Section 67 of the Canadian Human Rights Act was repealed on June 18, 2011. Until its repeal, section 67 shielded provisions of the Indian Act and any decisions made or actions taken under the Indian Act from application of the Canadian Human Rights Act. As a result of the repeal, First Nations and other Aboriginal people have the same human rights protections as everyone else in Canada.
Bill C-21 repealed section 67 in 2008. The change applied immediately to decisions made by the federal government under the Indian Act, but Parliament gave First Nations governments three years to plan for their new human rights obligations. On June 18, 2011 the planning period came to an end.
The result of the repeal means that actions carried out by the federal government, band councils or a related agency, such as a school board, are no longer exempt from application of the Canadian Human Rights Act even if the action is done under the Indian Act. Band residents can now contact the Canadian Human Rights Commission if they feel their band councils or any other authority making decisions pursuant to the Indian Act are discriminating against them in employment, the provision of services or accommodation. The Canadian Human Rights Act prohibits discrimination based on religion, age, sex, sexual orientation, marital status, family status, disability, conviction for which a pardon has been granted, and other grounds.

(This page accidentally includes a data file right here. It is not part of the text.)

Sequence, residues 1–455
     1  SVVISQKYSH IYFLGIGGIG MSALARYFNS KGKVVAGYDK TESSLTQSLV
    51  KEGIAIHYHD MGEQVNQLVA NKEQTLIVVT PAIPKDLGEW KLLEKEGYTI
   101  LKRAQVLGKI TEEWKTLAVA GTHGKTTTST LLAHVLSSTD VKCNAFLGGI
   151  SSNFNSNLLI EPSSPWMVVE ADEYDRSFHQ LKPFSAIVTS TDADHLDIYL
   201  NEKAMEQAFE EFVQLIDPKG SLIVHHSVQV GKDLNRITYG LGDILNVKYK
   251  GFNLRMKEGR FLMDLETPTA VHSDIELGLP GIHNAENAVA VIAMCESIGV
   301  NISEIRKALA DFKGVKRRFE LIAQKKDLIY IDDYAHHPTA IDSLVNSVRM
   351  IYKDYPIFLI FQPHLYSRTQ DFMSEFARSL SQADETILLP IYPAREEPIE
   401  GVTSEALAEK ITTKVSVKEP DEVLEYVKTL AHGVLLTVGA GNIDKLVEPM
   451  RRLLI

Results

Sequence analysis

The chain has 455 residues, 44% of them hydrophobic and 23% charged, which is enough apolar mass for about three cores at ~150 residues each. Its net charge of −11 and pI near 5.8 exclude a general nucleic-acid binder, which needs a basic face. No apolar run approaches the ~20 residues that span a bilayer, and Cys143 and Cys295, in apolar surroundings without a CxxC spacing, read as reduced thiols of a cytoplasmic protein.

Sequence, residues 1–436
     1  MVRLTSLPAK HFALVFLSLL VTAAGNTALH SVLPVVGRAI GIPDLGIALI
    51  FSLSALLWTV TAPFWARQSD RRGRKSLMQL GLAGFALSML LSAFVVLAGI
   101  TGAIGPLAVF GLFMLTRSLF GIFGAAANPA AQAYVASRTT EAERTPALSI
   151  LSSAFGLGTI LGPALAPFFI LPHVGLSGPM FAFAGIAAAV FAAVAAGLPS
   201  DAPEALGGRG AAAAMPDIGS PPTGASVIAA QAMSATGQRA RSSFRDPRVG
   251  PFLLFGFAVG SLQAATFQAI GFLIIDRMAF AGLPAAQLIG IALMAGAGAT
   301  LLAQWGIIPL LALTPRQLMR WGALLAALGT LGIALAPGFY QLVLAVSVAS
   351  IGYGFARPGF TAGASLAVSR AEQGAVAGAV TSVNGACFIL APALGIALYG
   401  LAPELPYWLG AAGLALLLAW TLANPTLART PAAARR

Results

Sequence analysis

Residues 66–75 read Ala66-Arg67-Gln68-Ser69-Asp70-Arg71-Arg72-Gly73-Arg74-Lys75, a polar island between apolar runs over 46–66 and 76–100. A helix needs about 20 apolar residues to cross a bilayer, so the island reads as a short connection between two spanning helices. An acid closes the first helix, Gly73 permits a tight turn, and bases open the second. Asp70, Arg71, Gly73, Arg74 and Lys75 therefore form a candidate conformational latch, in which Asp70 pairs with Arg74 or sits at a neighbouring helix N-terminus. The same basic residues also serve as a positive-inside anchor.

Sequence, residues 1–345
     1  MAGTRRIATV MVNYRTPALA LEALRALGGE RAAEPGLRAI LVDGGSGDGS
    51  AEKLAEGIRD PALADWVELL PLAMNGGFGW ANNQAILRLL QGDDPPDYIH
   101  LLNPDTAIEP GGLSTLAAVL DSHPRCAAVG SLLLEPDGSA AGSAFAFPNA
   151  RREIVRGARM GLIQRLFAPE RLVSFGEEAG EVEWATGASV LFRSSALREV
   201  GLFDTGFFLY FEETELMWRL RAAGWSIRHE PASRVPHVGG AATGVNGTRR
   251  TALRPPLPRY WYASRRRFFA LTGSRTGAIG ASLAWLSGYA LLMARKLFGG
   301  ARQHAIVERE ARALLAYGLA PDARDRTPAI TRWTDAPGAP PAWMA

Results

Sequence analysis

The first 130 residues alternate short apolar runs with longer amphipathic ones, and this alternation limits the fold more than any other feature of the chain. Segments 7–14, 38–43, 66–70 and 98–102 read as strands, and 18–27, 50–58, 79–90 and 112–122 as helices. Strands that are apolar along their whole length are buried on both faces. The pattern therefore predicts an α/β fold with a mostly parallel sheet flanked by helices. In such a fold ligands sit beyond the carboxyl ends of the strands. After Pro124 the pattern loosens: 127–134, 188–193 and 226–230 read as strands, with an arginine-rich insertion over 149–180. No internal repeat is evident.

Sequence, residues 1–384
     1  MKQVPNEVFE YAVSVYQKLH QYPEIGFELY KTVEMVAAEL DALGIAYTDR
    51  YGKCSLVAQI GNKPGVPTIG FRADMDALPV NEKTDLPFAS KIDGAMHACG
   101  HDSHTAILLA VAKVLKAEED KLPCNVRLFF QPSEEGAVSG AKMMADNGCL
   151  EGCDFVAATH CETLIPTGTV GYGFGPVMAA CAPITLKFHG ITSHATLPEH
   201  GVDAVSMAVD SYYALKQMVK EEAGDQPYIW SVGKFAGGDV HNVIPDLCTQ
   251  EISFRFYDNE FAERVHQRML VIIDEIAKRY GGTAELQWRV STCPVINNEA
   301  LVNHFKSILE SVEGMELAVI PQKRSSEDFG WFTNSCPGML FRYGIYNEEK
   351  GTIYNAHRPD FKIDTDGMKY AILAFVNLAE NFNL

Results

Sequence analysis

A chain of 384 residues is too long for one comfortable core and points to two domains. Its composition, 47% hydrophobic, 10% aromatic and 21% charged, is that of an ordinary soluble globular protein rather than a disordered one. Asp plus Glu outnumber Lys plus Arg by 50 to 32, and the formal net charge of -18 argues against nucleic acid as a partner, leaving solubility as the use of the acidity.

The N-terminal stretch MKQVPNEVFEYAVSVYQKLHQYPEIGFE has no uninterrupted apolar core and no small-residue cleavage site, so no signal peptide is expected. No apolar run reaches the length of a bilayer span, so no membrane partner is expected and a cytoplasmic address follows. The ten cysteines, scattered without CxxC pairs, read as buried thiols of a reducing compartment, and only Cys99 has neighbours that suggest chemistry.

Some matters fall under provincial jurisdiction. In these instances the Saskatchewan Human Rights Code applies instead of the Canadian Human Rights Act. Examples include provincially regulated on-reserve enterprises including:
- Gas stations,
- Child welfare agencies, and
- Some health-care centres.
Assessment of jurisdictional issues is complex and determined by the facts of each case. If you think you have been discriminated against based on actions carried out under the Indian Act please see the Canadian Human Rights Commission website: http://www.chrc-ccdp.ca. If you are an organization that now falls under the Canadian Human Rights Act, the Canadian Human Rights Commission’s website contains valuable information and sample policies for your use. If you are unsure which Commission you should access, either one can help you determine jurisdictional issues.
 This list is demonstrative, not exhaustive.